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  • What does your face say?

    I heard this story a number of years ago, but think of it often. During Thomas Jefferson's presidency, he and some fellow travelers came upon a dangerous river. A bystander watched what the men were doing and selected the President, Thomas Jefferson, to ask if he could cross with them. President Jefferson agreed and had the man climb on his horse. Once they reached the other side safely, one of the men in the party asked the man why he had asked the president instead of someone else. He had no idea that he had asked the President: Thomas Jefferson. His answer was simple: on many of your faces was written the word "no." On his face was written "yes." Let's be sure that we write onto ....

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  • The last step is enforcement

    Wanting to children to have a productive break from school, I tell my students that I want them to do two things this summer: read and do chores. Reading improves their brain (and attention span), and chores helps them learn skills while helping out their families. Along the same lines, I offer parents an E-contract. The "E" stands for electronics. It's a simple sheet of paper with 7 squares for 7 days and room on the bottom for 2 signatures. The parents dictate how many minutes or hours the children spend playing with tablets, video games, tv's, phones, etc, each day. It's a contract between the parents and their children and I recommend they place it prominently on the ....

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  • Alexa, shut up!

    The other night I asked my home device Alexa to wake me up in the morning. It also gave me the option of waking up to music which I thought was a pretty neat trick, so I allowed it. The next morning I awoke to Bon Jovi blasting out of the machine. Due to the loud volume level, my vocal attempts to silence Alexa went unheeded. I had to shout "Alexa," turn off! Later, it reminded me of how kids (and adults too), can't receive much in the way of input if constantly giving output. The real trick is to listen twice as much as we talk, so the information can flow in the proper direction. We want Alexa to shut up so it can work, there's a lesson for all of us too surely. Follow our ....

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  • What great customers we have!

    Not a bad likeness, I think. This was a drawing given to me by one of my young Tae Kwon-Do students. It was his parting gift to me and his thanks for my instruction as he moves to another part of Texas. We will all miss you Kavin! I'm always amazed by my students and their abilities. It's a great joy to work with young and old people alike, and to see the many talents and signs of good character come forth as I get to know them. I'm a truly blessed person to be surrounded by so many special and loving people. Though I may fail to say thank you, at least know that my heart is absolutely filled with gratitude for all of my wonderful customers. I learned recently that the greeting ....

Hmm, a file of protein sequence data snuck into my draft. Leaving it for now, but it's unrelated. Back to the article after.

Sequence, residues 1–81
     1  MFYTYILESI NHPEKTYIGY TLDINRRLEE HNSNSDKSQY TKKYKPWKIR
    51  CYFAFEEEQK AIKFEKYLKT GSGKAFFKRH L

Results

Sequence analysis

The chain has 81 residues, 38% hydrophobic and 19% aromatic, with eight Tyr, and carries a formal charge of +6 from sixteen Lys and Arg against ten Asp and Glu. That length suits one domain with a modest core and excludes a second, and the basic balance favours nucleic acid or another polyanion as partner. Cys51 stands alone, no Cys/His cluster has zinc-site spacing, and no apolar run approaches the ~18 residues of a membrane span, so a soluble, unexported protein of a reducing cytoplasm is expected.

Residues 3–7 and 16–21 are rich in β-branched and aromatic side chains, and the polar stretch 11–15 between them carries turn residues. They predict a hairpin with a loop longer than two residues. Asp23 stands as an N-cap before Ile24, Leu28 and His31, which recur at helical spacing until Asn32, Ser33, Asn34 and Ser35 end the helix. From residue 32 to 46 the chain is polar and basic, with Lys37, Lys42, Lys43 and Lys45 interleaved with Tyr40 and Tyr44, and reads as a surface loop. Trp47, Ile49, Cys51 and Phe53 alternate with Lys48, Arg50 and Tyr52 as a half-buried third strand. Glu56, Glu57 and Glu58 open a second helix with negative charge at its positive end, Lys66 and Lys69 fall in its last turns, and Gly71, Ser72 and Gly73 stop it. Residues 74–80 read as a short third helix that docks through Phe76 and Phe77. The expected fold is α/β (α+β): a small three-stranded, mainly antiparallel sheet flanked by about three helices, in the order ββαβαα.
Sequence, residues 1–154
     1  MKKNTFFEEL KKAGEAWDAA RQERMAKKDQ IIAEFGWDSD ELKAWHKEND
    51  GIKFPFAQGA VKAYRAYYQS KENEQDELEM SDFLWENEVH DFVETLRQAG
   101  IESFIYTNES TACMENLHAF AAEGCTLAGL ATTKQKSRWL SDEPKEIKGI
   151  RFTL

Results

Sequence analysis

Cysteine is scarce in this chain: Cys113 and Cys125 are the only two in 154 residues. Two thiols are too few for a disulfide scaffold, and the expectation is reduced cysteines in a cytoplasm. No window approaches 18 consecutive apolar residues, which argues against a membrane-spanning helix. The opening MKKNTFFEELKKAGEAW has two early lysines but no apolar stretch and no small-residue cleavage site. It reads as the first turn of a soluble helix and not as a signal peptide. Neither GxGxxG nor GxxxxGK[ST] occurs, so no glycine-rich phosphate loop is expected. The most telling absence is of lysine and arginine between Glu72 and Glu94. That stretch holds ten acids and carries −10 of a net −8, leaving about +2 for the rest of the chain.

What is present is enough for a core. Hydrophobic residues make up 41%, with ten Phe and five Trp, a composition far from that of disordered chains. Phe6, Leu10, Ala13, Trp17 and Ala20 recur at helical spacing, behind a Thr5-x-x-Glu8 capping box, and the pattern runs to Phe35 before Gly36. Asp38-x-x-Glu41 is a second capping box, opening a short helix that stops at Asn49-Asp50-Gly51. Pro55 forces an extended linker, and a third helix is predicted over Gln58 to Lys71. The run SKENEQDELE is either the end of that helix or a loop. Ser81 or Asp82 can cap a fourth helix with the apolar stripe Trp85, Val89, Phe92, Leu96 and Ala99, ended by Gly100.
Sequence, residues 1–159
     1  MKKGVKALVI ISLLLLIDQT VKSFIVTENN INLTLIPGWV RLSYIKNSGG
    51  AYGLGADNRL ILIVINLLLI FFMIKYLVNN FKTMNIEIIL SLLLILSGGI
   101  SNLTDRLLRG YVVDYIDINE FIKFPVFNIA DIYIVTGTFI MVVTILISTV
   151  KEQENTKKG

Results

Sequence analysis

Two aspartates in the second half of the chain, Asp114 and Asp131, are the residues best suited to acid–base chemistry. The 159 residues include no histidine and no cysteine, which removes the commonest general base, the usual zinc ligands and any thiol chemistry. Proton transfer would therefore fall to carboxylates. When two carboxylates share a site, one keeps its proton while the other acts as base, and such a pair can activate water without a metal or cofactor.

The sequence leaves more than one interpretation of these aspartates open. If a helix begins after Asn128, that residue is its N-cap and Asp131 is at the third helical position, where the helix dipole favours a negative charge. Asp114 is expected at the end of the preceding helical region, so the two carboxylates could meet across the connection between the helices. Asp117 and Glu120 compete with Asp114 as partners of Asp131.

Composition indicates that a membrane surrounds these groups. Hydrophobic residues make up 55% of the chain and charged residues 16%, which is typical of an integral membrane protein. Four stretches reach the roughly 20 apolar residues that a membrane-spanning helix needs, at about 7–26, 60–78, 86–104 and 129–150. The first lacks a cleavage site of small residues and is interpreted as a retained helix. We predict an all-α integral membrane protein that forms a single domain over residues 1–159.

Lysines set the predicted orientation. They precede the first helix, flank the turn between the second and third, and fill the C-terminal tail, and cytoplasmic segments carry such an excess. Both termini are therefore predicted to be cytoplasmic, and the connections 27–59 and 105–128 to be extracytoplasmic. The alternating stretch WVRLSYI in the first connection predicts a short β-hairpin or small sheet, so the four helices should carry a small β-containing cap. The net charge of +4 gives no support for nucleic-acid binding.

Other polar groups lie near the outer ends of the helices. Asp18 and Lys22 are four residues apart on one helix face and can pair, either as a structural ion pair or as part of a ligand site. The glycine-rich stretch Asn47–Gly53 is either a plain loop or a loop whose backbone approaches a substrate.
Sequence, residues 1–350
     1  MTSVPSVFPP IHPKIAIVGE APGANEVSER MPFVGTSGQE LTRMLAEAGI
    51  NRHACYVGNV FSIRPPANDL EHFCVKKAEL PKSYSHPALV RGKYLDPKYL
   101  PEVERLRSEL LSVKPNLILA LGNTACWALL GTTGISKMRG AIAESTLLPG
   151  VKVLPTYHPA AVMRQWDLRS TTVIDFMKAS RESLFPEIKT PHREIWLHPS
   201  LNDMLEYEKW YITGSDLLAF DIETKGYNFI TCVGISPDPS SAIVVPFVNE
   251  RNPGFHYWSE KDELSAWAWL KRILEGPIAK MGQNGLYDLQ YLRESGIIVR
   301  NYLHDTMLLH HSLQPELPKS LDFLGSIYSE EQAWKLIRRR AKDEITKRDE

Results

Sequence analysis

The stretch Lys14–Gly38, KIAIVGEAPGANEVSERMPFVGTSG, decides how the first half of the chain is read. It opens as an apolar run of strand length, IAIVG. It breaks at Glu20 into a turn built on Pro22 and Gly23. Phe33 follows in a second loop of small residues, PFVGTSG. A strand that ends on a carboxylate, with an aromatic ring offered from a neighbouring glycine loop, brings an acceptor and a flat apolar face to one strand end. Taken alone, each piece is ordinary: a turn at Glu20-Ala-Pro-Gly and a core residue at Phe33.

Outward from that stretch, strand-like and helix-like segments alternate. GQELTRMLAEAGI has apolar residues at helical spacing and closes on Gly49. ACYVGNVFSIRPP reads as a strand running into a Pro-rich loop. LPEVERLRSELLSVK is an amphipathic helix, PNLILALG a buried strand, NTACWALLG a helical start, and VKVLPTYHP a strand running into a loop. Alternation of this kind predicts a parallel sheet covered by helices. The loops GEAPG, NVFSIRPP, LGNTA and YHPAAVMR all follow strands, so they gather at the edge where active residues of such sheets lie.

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  • How firm a foundation!

    In church on Sunday I heard a wonderful hymn: How firm a foundation. In it, a line spoke to me: "What more can He say than to you He hath said?" Of course "He" refers to God, but it made me think about the way we humans think and act. We are always looking for something new, when largely what we need has already been given to us. This is even more present in children who lack the mental and emotional maturity to distinguish things of value for things that are new. Let us help children see that they don't need a new thing, but rather to understand the value of what they've been given. This goes for the spoken word as well as the material item. Follow our Cypress-Jones Rd-Jersey ....

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  • Success is just around the corner from failure

    The other night I noticed how hard a student of mine was working on their Taekwondo pattern. He's made significant progress and the complex sequence of movements has not been easy for him to execute. Even though he didn't realize it, I wouldn't let him "stripe," or advance. It's not that he did such a poor job, it's that I expected more from him. With young children, getting a reward can sometimes be counterproductive to real achievement. For instance, an easy "A" in school will make them think they are so smart that they don't have to study or do homework. In my way of thinking, I would rather have the young person strive a little more for that stripe if only so that they don't rest ....

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  • Where are all the good teachers?

    I had a bittersweet run-in yesterday. I waived at a teacher I've known for about 15 years. Her boys took Taekwondo lessons from me and I would always see her at a local elementary. I told her that I thought she didn't work there anymore since it'd been about a year since I'd bumped into her. She said that actually she was retiring this year and looking to pour her energy into another career as she was still quite young. She confided that the reason for her exit was that elementary school aged children were allowed to openly disrespect teachers, even going so far as to say "f-you" without any real consequences. She said that she didn't need daily verbal abuse, especially from kids. ....